• Explicit result types can greatly improve code editing performance. Unlike the compiler, an IDE has to re-infer types on each code update. To optimize the workload, IntelliJ IDEA tries its best to cache and preserve as much type information as possible. However, as the result type of a method with omitted type annotation can change even on “external” update (i.e. update outside of the method body), IntelliJ has to re-process the whole content of such a method on almost any change (and the content might often consists of implicits, type-level arithmetic and whatnot). Considering the first point, adding type annotations to public methods makes your code more IDE-friendly (for the same reason, you may also choose to add explicit types to really complex yet non-public methods).
  • Type annotations on public methods increase the speed of incremental compilation by minimizing the amount of recompiled code. Algorithms of incremental compilers (like SBT or IntelliJ) track “public API changes” and dependencies to determine what files need to be recompiled. Thus, if type of some method in a frequently used class is adjusted after code editing (but still lays within some “implied” base type), almost the whole project might often be unnecessary recompiled as a result. In a sense, this argument is a combination of the two previous ones but from the compiler’s standpoint. Official SBT documentation supports this argument by saying that “explicitly annotating return types of a public API is a good practice in general.”

Note: One possible exception to these rules are simple declarations like val answer = 42 where the result type is clearly evident, both for humans and for the compiler. Currently we’re determined to treat this kind of expressions separately.

So, adding explicit types to public methods can make our code cleaner and also speed up editing / compilation. Sounds good, doesn’t it? But what about tons of those “righteous” warnings, aren’t they supposed to be annoying? The good news is that there is a straightforward way to process them all at once:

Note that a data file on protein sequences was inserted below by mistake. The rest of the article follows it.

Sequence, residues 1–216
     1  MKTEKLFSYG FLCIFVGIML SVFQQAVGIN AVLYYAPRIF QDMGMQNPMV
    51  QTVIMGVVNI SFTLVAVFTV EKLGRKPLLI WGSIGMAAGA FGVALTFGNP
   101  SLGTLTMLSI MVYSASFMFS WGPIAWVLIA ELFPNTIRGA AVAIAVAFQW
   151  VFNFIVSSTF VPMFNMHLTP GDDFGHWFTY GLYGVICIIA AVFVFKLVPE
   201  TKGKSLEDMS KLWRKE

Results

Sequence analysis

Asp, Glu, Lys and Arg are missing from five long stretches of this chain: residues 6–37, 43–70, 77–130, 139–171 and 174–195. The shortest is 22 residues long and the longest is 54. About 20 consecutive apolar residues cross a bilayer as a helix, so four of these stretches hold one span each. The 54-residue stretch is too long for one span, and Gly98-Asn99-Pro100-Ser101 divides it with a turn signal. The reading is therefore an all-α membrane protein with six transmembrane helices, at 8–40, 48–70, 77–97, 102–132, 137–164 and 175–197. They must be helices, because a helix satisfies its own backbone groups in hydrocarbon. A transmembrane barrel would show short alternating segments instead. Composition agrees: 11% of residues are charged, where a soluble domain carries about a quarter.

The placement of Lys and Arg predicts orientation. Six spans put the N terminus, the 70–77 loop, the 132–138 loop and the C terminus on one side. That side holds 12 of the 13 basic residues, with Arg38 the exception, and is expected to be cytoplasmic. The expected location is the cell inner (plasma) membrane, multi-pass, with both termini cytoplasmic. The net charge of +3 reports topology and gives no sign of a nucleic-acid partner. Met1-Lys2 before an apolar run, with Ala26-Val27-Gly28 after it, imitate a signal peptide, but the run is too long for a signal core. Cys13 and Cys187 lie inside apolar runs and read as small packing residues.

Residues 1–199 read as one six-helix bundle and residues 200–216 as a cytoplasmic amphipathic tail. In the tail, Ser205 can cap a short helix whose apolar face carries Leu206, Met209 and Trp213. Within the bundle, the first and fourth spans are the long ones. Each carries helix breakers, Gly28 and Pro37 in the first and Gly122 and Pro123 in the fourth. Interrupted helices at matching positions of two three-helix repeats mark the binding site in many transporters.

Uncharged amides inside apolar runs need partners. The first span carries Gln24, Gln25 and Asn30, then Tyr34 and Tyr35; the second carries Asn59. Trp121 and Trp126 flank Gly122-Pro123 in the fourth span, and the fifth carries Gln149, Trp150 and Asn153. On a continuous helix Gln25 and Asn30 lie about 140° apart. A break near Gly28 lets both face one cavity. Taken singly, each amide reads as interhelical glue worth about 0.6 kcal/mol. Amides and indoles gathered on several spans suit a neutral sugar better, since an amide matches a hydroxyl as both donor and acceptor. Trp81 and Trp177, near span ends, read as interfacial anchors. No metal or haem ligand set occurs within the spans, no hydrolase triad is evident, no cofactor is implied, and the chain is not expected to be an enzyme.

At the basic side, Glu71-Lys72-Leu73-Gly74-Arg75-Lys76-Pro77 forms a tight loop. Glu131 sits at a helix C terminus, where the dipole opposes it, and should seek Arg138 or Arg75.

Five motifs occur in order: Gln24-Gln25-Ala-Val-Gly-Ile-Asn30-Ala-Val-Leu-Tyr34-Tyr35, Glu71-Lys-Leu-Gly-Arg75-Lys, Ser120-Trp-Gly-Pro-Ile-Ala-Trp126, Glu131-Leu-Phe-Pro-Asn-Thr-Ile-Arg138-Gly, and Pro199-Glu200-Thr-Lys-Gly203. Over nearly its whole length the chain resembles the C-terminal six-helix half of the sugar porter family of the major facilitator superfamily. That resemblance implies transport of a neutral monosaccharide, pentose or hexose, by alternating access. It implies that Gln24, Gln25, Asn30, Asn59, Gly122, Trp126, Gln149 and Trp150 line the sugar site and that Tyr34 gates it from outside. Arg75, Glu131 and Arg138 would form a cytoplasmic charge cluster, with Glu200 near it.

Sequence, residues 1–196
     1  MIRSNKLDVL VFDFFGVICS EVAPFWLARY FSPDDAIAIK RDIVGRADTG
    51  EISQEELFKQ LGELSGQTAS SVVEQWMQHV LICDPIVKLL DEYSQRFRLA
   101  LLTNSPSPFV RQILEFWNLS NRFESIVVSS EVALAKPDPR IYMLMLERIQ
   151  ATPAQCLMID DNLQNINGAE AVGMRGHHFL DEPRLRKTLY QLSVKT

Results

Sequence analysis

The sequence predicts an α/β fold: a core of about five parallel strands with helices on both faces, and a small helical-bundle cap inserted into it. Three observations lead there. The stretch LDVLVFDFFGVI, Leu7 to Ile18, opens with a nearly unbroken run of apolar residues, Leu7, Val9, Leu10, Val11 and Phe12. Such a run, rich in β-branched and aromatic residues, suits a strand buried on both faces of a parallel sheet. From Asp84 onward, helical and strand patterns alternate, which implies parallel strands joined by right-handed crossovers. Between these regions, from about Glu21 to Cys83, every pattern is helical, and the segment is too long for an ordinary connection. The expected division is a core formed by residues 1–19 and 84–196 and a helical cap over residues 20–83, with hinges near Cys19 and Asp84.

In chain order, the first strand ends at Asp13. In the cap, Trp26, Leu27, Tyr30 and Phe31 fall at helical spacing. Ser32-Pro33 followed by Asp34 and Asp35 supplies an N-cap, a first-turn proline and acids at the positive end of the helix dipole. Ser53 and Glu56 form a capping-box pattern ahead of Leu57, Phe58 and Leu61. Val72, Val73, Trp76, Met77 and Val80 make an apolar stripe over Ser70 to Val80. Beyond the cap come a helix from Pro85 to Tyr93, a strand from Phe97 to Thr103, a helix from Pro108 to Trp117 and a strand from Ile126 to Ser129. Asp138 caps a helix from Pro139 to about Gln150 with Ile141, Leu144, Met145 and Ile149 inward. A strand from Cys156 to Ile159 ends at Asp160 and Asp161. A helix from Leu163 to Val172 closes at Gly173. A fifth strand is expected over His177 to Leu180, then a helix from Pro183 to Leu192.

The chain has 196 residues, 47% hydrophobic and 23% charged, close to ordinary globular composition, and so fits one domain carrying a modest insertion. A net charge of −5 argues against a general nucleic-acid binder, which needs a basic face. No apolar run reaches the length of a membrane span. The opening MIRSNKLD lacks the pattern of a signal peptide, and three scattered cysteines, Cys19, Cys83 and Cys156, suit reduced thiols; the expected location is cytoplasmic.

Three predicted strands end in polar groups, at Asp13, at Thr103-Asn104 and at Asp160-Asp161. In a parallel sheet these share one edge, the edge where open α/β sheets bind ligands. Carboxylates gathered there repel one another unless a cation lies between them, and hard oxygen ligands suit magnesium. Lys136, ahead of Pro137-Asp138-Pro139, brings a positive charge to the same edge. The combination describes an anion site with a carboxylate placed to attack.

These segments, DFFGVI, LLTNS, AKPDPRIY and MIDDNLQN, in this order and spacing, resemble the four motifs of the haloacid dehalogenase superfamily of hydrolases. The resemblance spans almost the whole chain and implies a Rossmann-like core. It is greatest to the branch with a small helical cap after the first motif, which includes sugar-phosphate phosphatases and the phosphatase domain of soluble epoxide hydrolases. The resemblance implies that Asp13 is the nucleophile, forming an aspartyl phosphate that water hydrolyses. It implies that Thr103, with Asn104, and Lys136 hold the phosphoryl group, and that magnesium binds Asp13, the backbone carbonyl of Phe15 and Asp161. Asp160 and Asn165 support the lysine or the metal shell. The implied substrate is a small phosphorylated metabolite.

1. Go to Settings / Editor / Code Style / Scala / Type Annotations and make sure that Add & Check option is selected for public members.
  2. Invoke Analyze / Inspect Code, select Whole project as a scope and create an inspection profile with only the Type annotation required inspection enabled.
  3. Run the inspection and then choose Apply fix “Add type annotation” to batch-add all the explicit type results.

When SCL-10501 will be implemented, another way to add required type annotations in batch is to invoke Reformat Code with Add type annotations enabled (but this also reformats code for good measure).

Because the functionality is already present in all the Scala plugin builds, you don’t have to wait for it to be enabled by default: you can tweak the code style and try this out right now. Likewise, if you consider the undertaking to be too much of a hassle, just tweak the code style settings as you see fit.

At the next step, we will add many more options to the code style (currently listed as inspections), so that it becomes possible to choose, for example, what form of anonymous function definitions you prefer (person => or or to require eta-expansions to be explicit (like f _), and so on.

We encourage you to try the feature and, as always, we’d love to hear your feedback!


Scala Code Style now tells:

All public methods should have explicit type annotations. Type inference may break encapsulation in these cases, because it depends on internal method and class details. Without an explicit type, a change to the internals of a method or val could alter the public API of the class without warning, potentially breaking client code. Explicit type annotations can also help to improve compile times.